Africa Confidential's Sudan situation update (Courtesy of Africa Confidential)

The resistance committee leader said they were against the RSF “and against the leaders of the SAF who failed to protect the people. We also warn the elites that are supporting the militias and foreign countries that are supporting the militias to stop what they are doing”.

The United Arab Emirates is the RSF’s main patron, while Africa Confidential has reported that the army has been operating Iran-supplied drones, notably the Mohajer-4 and Mohajer-6, since January. 

Middle East Eye recently reported on Russia’s role in the war, as Moscow moves to play both sides, strengthening relations with the army while continuing to facilitate the supply of the RSF through the Wagner Group.

“Our roadmap also includes the formation of revolutionary governments from the grassroots in different states after the design of new interim constitutions through a dialogue between the Sudanese people,” the resistance committee source said. 

'Impossible balance'

Muzan Alneel, a Sudanese scholar, described the resistance committees as the only genuine democratic group to face the militarisation of politics in Sudan.

“The success of the resistance front in advancing its position was captured in the slogan of the ‘Three Nos’ - no negotiations, no partnership, no legitimisation - against the military council,” Alneel, co-founder of the Innovation, Science and Technology Think-tank for People Centered Development, told MEE. 

'We believe that junior army officers, who have no interest in continuing the war, will stand with our vision'

- Resistance committee leader

In the period leading up to the beginning of the war in April 2023, this slogan was chanted at protests and, Alneel said, even the civilian Forces for Freedom and Change (FFC) coalition, made up mostly of technocratic, elite politicians, “felt compelled to include it at the bottom of their statements”.

However, the argument the resistance committees made – that “the latest coup would only encourage further violence and perhaps even a war” was, Alneel said, ignored by international political and media organisations.

“For the two warring entities - both of which had expanded their influence using violence, massacres, and coups, and faced no consequences other than further legitimisation - it was only logical to attempt a full takeover via further violence," Alneel told MEE.

But she criticised the resistance committees for now supporting the army to protect the state, saying they had “attempted to strike an impossible balance between calling for an end to the war and supporting the army of the coup government”.

“For months, they attempted to hold together two contradictory goals: namely, the revolution’s goal of protecting and prioritising human life, and the counter-revolution’s goal of protecting the state,” Alneel said.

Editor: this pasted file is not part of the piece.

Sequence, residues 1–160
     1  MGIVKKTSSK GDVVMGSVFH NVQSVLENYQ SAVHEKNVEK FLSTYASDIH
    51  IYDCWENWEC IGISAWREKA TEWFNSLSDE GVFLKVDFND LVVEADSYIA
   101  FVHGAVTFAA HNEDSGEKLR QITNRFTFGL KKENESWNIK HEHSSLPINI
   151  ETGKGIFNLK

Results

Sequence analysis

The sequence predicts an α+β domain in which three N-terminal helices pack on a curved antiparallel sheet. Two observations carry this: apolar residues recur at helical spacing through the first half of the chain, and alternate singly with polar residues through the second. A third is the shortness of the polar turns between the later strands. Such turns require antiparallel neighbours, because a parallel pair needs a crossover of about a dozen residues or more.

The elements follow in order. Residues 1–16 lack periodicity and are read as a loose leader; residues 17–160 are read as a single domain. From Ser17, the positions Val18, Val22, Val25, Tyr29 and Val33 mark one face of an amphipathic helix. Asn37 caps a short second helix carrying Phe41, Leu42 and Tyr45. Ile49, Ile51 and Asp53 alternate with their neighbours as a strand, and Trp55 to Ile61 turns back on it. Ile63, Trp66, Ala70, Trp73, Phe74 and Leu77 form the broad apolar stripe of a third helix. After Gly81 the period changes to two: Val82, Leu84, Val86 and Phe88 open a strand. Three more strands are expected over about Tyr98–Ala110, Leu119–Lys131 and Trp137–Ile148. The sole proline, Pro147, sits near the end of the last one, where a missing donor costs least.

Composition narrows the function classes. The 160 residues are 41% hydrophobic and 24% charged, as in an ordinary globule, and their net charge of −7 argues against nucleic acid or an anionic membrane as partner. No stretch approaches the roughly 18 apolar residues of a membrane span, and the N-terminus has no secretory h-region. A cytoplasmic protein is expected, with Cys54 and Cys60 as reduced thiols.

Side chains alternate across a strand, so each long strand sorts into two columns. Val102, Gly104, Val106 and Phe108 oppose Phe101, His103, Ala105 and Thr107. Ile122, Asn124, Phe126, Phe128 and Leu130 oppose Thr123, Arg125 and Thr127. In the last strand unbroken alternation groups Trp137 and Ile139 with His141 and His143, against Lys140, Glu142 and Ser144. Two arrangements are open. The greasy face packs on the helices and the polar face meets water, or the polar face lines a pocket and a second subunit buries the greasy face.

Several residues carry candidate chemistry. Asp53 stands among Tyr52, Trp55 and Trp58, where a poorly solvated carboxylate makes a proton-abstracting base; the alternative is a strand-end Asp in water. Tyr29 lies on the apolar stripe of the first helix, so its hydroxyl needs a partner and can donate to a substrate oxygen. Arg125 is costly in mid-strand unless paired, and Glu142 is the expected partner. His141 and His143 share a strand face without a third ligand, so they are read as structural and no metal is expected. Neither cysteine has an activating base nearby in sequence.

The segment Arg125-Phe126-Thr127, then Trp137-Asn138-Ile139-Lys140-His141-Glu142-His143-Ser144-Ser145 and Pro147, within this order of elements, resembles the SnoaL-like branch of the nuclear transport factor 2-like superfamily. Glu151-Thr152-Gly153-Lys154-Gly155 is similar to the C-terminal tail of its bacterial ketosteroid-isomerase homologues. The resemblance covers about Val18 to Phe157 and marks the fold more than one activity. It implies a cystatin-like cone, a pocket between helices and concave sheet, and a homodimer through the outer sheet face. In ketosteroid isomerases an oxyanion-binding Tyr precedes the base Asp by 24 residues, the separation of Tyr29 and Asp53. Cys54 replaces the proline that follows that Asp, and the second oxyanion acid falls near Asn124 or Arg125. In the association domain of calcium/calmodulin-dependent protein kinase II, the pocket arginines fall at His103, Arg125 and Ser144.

“The counter-revolution, boosted by decades of bourgeois propaganda promoting patriotism over human life, appears to have defeated the revolution,” she said.

Situation on the ground

Facing little real pressure from the outside world, both sides have escalated the fighting, with the army targeting Khartoum and Gezira states.

There is fierce fighting in el-Fasher, the capital of North Darfur, where there are fears that the RSF could massacre non-Arab civilians. Across Darfur, there is already "clear and convincing" evidence that the RSF is committing genocide.

Currently, according to a military analyst monitoring the battle, the RSF is maintaining static positions around el-Fasher, with clashes and exchanges of artillery taking place in the northern and eastern sectors of the city.

For the first time since the war began over a year ago, there is fighting in River Nile state. 

Sudan update AC
Africa Confidential's Sudan battlefield update (Courtesy of Africa Confidential)

Former rebel movements from Darfur and Blue Nile are fighting alongside the army and they have shifted the balance of power slightly, advancing towards Gezira state, which has been under RSF control since the paramilitary stormed through it in December, meeting little army resistance.

The army is laying siege to the RSF-controlled al-Jili oil refinery north of Khartoum, alongside rebel fighters from Darfur governor Minni Minnawi’s Sudan Liberation Movement.  

“The pro-SAF Darfur rebels are fighting hard in al-Jili and Gezira but not really making advances. There are serious coordination issues between the SAF and rebel groups,” the military analyst said.

“We are besieging the RSF in al-Jili around the Khartoum oil refinery and we believe that its seizure is only a matter of time for us. We have destroyed 37 vehicles and captured 18 others from RSF,” Alsadig Alnur, a spokesperson for the SLM/ Minnawi faction, told MEE earlier this month.

The former rebels of another faction of the Sudan People’s Liberation Movement, led by the deputy head of the Sovereign Council, Malik Agar, are advancing from Sennar state towards RSF-controlled areas in the south of Gezira state. Eyewitnesses told MEE there had been fierce fighting in Wad Alabas, eastern Gezira. 

The war has devastated Sudan. According to the UN, almost 25 million people will be in need of humanitarian assistance in 2024, while 8.8 million have been displaced from their homes.

Mass killing, rape and sexual assault, theft and looting have all been widespread, as the Sudanese people struggle to see an end to the bloodshed.

Additional reporting by Oscar Rickett.